Creating a Content Strategy Step #2: Performing In-depth Audience Analysis.

Once you’ve identified your goals, it’s time to identify the audiences your content will need to target for meeting them.

For example, if you strategize using content for improving your retention rate, you need to define who you’re targeting with your content.

Here, you can tap into your company data and analyze the attributes of your customers who leave you and also understand the reasons they do so. You can also study the attributes of your loyal customers, power users, and even evangelists.

And taking all that into account, you need to create a persona that pinpoints your customers’ goals, motivations, and frustrations among other demographic data.

At the end of this content strategy creation step, you should have a bunch of audience personas that you’ll want to target with your content channel for meeting your different business goals.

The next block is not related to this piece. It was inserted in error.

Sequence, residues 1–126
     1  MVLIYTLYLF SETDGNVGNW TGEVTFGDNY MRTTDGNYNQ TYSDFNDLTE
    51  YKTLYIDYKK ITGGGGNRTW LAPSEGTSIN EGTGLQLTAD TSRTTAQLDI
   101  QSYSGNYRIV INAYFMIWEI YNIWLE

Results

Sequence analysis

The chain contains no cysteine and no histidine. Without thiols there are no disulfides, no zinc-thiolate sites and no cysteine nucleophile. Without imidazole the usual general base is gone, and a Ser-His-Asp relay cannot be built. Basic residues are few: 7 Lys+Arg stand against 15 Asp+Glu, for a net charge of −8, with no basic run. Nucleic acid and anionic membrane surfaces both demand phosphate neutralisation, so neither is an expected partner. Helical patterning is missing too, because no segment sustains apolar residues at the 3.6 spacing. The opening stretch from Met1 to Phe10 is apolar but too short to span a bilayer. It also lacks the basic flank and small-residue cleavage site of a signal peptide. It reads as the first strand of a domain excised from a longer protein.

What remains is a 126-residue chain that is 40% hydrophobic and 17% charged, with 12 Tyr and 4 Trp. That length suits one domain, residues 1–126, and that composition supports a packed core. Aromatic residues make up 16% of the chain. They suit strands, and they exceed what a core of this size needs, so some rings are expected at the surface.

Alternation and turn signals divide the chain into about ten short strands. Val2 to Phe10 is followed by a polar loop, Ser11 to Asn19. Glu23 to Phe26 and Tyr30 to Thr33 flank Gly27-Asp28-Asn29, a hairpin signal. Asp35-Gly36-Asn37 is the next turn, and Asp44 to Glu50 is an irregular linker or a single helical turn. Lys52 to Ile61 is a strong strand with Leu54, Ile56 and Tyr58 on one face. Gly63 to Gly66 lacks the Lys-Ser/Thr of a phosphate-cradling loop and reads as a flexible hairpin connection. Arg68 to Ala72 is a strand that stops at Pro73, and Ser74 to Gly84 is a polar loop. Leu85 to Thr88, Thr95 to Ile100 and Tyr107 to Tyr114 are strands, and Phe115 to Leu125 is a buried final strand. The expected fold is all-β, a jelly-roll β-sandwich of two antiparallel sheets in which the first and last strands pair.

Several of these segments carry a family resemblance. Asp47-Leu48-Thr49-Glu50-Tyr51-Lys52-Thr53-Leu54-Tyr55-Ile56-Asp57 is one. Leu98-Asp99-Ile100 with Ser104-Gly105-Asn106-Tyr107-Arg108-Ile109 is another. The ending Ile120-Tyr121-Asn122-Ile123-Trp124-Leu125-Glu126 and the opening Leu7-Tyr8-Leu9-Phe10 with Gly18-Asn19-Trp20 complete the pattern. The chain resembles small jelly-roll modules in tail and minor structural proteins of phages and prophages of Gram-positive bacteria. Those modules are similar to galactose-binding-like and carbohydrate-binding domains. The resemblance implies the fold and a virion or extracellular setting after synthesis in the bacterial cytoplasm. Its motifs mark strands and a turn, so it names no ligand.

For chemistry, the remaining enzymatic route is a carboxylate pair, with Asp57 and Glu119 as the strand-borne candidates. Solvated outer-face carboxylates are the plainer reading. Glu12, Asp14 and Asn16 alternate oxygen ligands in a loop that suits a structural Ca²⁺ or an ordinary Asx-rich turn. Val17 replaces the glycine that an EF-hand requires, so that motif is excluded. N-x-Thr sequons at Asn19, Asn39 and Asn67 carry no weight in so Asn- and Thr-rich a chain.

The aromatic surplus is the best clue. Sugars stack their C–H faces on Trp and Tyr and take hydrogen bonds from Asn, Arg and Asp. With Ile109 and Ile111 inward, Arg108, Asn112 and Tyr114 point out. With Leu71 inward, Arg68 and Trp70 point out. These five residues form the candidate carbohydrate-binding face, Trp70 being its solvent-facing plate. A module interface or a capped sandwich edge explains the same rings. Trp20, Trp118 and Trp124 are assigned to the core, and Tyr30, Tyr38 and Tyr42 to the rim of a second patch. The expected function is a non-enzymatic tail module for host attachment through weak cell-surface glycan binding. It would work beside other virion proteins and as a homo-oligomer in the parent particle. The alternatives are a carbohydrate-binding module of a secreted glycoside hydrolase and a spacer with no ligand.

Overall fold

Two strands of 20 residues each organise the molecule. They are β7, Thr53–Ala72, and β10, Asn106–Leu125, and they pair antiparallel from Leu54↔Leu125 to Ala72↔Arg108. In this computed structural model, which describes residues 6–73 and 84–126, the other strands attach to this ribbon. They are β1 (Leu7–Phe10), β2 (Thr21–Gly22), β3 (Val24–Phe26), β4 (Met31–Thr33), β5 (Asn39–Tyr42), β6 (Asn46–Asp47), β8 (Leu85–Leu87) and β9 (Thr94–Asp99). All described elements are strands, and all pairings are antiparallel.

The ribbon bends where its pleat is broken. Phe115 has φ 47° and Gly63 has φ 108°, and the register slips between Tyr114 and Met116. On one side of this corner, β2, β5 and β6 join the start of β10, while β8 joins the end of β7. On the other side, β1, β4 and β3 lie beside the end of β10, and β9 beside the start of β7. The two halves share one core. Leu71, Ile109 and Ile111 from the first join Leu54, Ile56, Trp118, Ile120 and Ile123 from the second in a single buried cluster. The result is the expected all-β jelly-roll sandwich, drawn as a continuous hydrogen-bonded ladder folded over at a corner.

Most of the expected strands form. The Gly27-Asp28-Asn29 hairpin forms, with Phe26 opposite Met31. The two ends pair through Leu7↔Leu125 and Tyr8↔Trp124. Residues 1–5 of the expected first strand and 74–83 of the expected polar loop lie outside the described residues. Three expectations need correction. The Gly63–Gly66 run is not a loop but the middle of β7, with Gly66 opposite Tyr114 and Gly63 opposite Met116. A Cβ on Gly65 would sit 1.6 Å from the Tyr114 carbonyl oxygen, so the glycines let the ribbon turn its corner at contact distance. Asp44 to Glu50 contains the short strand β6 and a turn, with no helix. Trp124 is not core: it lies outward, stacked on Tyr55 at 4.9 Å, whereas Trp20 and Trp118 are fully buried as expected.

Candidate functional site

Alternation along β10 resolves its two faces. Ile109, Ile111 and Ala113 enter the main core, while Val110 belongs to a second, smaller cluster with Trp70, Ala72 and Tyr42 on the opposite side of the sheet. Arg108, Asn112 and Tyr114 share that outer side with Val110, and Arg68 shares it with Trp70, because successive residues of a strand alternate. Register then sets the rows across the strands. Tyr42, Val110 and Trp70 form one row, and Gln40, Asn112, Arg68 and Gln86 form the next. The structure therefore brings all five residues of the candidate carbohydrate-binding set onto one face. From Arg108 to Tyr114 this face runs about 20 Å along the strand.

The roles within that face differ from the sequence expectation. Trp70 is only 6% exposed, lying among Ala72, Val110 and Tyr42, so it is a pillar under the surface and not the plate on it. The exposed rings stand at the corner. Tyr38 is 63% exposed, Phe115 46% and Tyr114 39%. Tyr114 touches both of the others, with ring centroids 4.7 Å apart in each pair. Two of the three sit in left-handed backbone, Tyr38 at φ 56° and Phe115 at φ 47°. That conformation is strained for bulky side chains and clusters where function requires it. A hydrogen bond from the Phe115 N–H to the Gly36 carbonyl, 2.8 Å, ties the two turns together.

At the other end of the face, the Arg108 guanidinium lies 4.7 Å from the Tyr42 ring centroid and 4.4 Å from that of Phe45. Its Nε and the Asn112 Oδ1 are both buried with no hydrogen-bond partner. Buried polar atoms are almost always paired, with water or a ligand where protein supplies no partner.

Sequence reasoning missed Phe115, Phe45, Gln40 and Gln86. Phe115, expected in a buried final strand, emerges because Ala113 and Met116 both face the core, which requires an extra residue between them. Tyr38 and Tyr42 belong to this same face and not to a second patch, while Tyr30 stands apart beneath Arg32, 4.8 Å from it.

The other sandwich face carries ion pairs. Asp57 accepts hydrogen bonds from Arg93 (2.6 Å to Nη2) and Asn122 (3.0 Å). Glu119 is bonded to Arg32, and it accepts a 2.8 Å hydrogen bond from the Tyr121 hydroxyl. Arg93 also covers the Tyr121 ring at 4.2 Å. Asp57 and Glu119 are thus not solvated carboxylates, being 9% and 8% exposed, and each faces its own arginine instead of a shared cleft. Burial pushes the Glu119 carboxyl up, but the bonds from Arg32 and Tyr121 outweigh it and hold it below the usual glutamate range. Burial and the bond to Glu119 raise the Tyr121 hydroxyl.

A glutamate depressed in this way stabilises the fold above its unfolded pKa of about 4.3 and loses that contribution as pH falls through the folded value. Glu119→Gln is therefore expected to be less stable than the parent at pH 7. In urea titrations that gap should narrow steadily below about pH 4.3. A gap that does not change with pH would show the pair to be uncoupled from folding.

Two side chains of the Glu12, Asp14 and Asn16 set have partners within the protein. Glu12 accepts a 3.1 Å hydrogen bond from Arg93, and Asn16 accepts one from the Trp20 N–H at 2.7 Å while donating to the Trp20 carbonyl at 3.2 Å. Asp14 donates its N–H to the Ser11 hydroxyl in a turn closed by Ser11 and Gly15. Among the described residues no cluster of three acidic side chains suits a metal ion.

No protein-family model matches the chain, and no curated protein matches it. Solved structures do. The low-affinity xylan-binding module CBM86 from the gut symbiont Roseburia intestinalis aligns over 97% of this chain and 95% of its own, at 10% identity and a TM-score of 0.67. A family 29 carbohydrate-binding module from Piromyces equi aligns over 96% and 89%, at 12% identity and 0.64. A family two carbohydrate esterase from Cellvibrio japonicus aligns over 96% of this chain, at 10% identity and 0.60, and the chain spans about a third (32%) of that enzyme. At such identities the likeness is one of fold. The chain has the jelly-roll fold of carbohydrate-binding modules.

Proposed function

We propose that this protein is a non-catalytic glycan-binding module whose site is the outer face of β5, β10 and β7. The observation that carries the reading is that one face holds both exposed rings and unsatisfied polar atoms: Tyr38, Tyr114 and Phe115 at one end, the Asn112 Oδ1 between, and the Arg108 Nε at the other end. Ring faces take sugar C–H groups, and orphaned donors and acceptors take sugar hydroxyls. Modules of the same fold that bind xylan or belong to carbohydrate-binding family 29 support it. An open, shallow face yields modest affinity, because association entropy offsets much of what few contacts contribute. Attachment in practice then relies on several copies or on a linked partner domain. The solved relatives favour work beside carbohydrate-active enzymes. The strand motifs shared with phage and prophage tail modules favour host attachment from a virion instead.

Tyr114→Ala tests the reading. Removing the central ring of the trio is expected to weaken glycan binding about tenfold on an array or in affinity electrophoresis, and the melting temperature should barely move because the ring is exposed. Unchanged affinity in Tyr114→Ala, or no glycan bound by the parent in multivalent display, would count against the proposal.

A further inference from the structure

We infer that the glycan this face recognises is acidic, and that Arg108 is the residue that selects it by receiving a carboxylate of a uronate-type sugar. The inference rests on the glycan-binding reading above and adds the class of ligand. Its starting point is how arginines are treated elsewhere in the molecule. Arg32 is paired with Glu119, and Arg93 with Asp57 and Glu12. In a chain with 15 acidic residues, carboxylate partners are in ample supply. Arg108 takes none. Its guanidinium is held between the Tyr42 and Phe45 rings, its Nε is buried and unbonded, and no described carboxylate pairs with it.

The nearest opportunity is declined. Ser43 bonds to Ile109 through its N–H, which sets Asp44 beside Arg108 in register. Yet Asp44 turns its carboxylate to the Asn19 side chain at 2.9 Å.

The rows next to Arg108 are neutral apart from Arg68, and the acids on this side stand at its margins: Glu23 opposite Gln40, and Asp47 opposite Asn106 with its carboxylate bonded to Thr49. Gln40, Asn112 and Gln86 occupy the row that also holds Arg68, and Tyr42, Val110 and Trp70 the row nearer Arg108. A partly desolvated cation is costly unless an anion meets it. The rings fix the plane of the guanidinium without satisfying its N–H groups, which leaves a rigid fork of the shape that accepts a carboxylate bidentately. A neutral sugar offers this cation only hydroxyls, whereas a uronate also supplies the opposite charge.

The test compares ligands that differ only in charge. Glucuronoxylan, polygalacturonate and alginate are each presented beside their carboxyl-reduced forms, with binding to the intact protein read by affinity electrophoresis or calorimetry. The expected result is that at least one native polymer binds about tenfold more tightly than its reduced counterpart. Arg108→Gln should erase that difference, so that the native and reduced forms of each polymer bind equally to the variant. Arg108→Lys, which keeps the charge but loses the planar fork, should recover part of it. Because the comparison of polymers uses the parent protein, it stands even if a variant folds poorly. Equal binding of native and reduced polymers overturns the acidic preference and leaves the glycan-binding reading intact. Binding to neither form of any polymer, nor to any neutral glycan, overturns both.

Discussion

Suggested Resource: How To Create A Customer Journey Map

Creating a Content Strategy Step #3: Auditing Your Current State of Content.

Once you know your goals and who you’re targeting, it’s time to audit your content and see if you have any current content assets that solve your purpose.

Let’s say that for this will-likely-churn customer persona that you just created in your audience analysis, you find that your users mainly leave you because you’ve got a complex product.

So as part of this step, you should check your content resources and see if you have any that are aimed at helping your users understand your product.

At the end of this content strategy creation step, you should have an actual doc where you’ve inventoried/audited your current content assets and mapped them to your audience personas and goals. This step is important because it tells you where you stand content-wise for the realization of your key business goals.

Creating a Content Strategy Step #4: Doing Competitive Analysis.